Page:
take responsibility for being part of that process. However, you can't be too careful about
trying to avoid such risks and still be an effective therapist. We can only be sensitive, aware
of the context, our patients, our mood, and how
we are present, and be willing to repair.
Transactional Analysis Journal, Vol. 31, No. 1, January 2001
22
“PSYCHOTHERAPY OF SCHIZOID PROCESS” by Gary Yontef
Question; I believe you said schizoid patients often feel humanly connected while in
isolation without being.. . .
Answer: Unfortunately they don't. They
want and need to feel humanly connected
while they are separated. They will often substitute being connected symbolically—for example, in dream imagery or fantasy.
Question: For 11 years I worked with a severely schizoid patient who was diagnosed as
an extroverted schizoid. He had such a strong
need to be in contact and community that it
appeared as an "as if self. But internally there
was this severe schizoid process going on, and
I had to work hard to undo that extroverted
quality—in the Jungian sense that he came into
the world with that innate extroverted self.
What do you think about such an individual?
Answer: I don't know about the innate self
from the Jungian standpoint. One of the ways
that people with schizoid issues often present
to the world is with extroverted behavior, with
schizoid processes underneath. Often I am surprised at how much shame and schizoid process can be found in people who appear to be
very extroverted. They will experience this
themselves, with surprise, when they get to a
deeper level of awareness. 1 see a lot of the
schizoid process underlying apparently extroverted, hysterical, dramatic behavior. That is
part of why some people think that the schizoid
process underlies everything. Even extroverts
who make good social contact reveal schizoid
issues when you get to an intimate level with
them or get beneath the words.
Richard Erskine (moderator): I appreciate
the broad theoretical overview you have offered us, Gary, and how much you have condensed into this short presentation. To summarize a bit, I think perhaps one of the most important things you have been saying—and
something that needs to be emphasized—is
that the schizoid process is often not observable. Frequently, schizoid patients present as
highly functioning individuals, and it is only
through phenomenological experience that they
and we come to understand and appreciate the
schizoid processes that underlie so much of
their lives.
Gary Yontef, Ph.D., FAClinP. is a Fellow of
the Academy of Clinical Psychology and a
Diplomate in Clinical Psychology (ABPP).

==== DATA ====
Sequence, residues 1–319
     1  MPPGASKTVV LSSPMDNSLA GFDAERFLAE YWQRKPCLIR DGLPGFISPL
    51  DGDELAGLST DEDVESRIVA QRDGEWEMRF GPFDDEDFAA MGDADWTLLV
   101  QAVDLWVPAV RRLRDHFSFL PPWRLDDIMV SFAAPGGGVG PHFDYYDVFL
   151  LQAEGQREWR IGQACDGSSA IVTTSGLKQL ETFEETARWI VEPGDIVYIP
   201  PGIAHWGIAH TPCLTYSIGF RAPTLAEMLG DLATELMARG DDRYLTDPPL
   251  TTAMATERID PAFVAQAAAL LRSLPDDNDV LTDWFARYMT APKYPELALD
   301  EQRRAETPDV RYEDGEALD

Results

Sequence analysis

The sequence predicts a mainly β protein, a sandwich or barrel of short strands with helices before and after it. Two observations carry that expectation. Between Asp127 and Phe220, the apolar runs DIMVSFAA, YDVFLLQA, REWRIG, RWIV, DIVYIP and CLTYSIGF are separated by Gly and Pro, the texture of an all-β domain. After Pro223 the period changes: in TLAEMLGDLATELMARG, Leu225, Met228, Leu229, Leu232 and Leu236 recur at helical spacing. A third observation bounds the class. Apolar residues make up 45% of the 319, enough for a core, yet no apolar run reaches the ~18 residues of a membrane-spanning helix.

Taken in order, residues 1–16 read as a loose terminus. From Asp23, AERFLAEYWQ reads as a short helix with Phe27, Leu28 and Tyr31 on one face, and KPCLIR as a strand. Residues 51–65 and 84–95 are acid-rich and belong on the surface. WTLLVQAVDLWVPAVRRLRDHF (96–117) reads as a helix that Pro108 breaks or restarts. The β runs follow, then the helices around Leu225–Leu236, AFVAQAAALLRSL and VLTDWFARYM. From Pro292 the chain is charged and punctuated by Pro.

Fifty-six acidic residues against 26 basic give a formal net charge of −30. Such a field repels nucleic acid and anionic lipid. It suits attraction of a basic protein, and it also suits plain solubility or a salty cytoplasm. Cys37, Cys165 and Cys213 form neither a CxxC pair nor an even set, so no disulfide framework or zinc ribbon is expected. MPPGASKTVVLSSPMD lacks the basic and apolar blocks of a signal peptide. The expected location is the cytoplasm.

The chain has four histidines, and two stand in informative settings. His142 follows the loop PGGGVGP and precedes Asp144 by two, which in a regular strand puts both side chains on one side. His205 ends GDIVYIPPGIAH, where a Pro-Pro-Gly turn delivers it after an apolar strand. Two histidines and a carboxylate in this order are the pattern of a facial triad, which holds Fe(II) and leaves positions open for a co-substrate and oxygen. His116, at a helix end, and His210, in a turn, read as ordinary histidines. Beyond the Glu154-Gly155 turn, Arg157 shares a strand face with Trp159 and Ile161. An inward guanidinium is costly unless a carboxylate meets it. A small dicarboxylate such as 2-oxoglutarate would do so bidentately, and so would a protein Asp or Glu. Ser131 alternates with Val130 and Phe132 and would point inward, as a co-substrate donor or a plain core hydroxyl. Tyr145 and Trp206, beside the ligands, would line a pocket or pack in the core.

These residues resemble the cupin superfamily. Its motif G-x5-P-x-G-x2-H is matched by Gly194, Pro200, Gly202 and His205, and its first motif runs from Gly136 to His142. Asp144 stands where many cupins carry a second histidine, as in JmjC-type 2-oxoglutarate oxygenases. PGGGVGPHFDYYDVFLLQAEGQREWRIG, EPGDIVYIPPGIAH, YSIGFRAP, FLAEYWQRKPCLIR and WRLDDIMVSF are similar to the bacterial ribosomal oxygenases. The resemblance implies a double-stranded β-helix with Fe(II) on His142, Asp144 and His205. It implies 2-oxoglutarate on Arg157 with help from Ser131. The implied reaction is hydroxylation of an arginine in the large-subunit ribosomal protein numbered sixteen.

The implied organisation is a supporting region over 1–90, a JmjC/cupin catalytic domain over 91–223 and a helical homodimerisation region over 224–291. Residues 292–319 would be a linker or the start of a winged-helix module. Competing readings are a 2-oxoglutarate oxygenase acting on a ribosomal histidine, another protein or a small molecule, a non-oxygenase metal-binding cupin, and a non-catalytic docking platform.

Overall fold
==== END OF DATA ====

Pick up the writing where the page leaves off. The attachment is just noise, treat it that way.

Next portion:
Along with Lynne Jacobs. Ph.D., he co founded
and codirects the Gestalt Therapy Institute of
the Pacific, a contemporary gestalt therapy
training institute. He was formerly president of
the Gestalt Therapy Institute of Los Angeles
and for 18 years headed its training program.
He is an editorial member of The Gestalt
Journal, editorial advisor of the British Gestalt
Journal, and chairman of the Executive Board
of the International Gestalt Therapy Association. His book, Awareness, Dialogue and Process: Essays on Gestalt Therapy, has been
translated into four languages. He has also
written over 30 articles and chapters on gestalt therapy theory and practice. He was formerly on the UCLA Psychology Department
faculty and chairman of the Professional
Conduct Committee of the Los Angeles County
Psychological Association. Please send reprint
requests to Dr. Yontef at 1460 7th St., Suite
301, Santa Monica, CA 90401-2632 or contact
him via email at [email protected]
REFERENCES
American Psychiatric Association (1994). Diagnostic and
statistical manual of mental disorders (4th ed.).
Washington. DC; Author.
Beisser, A. (1970). The paradoxical theory of change. In J.
Fagan & 1. L. Shepherd (Eds,). Geslalt therapy now:
Theory, techniques, applications (pp. 77-80). Palo Alto,
CA: Science and Behavior Books.
Buber, M. (1965a). Behveen man and man (R. G. Smith,
Trans.). New York: Macmillan.
Buber, M. (1965b). The knowledge of man: A philosophy
of the interhuman (M. S. Friedman & R. G. Smith,
Trans.). New York: Harper & Row.
Buber, M. (1967). A believing humanism: Gleanings(M.
S. Friedman, Trans.). New York: Simon & Schuster
Ountrip, H. (1969). Schizoid phenomena, object
relations and
the self. New York: International Universities Press.
Hycner. R., & Jacobs, L. (1995). The healing relationship
in gestalt therapy: A dialogic self psychology. New
York: Gestalt Journal Press.
Lee, R., & Wheeler, G. (1996). The voice of shame:
Silence and connection in psychotherapy. San Francisco: Jossey-Bass.
Stem, D. N. (1985). The interpersonal world of the infant:
A view from psychoanalysis and developmental psychology. New York: Basic Books.
Yontef, G. (1993). Awareness, dialogue and process:
Essays on gestalt therapy. New York: Gestalt Journal
Press.